A hand fell on his shoulder. It was Ramprasad!



This book is for people like me who enjoy a good spook and chill like a daily cup of tea, coffee. The title story is the only story that is common with the previous edition of this book, others are new. This year the book will contain stories of various spooky/fantasy tastes. This year the stories are not much dark though. A mixed platter of fantasy and eerie stories for you! Don’t forget to share your views after reading.

WORDS LEFT BY READERS (For the previous version):

The Black Mist and other Stories: Review:
By Troy David Loy

This is a collection of stories of distinctly Indian flavor, dealing with often dire
supernatural beings of a spiritual nature. Below I briefly note each story:

The Black Mist:
Mitesh has a new real estate purchase in an abandoned village, and a dire legend
surrounding the locale, of a witch out for blood and souls. It doesn’t end well for Mitesh at all . . . I liked this one, a nice start for a collection of this sort.

The Attic:
Ritwik and his family have moved into a new home . . . one with a dire history, and a mysterious intruder who enters the home even with the strictest security measures. They soon discover said dire history, ending on a terrifying note.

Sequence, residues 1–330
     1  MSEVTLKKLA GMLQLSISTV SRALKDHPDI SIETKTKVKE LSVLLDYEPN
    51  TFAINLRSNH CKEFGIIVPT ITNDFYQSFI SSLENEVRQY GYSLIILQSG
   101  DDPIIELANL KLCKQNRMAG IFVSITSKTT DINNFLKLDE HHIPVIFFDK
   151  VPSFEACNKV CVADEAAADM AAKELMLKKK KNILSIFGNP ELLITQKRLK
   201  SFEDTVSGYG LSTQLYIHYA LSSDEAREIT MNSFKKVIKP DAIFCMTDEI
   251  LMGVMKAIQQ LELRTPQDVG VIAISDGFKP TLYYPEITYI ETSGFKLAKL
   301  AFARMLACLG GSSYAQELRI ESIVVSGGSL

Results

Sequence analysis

The Protest:
Sima is seeing ghosts while incarcerated under a life sentence in prison. Jailed for
serious criminal offenses, only she can see her ghosts, the ghosts of her victims,
though her jailers think her mad. The ghosts, though, have a purpose of their own!

The Doomed:
Chinmayee and Pradyumna witness slaves and their drivers in Mughal dress. They soon discover the secret of the town’s history, reenacted by the ghosts of the past!

Don’t Waste Our Time:
Death’s deputies are going nuts. Induced near death experiences in recreational test subjects are causing problems with the reaping of souls. So the Reapers have a clever plan, one that puts a damper in these would-be tourists of the afterlife…

Jewels of Madhulipi:
Bidisha comes to live in a haunted house, with a persistent ancestor spirit who has something important to show her. This one has a more pleasant ending than the previous, but fits the theme of the book well.

The College Trip:
Prema brings home a souvenir from an outing with fellow students, an evil souvenir, a passenger of sorts that makes her very, very ill. This one too ends on a happier note, concluding this collection with the defeat of evil and the triumph of life.

4.0 out of 5 starsPerfect for Halloween
ByKevin Cooperon 24 October 2017
Format: Kindle Edition

If you want a fresh read for Halloween, but don’t have the time to get into reading a full novel, I would definitely recommend this book of short dark fiction.

Sharmishtha Basu has a unique approach to dark fiction and things tend to begin, en media res in a very masterful way. I particularly liked Black Mist and found myself fully engaged with it. As with most short stories, there isn’t a lot of room for character development, But Sharmishtha’s storytelling technique more than makes up for this problem.

Now the grammar is not perfect, (Seriously, with the constant changes to it, whose is?) but I also have to take into account in this case that English is not this author’s first language, hence the four stars.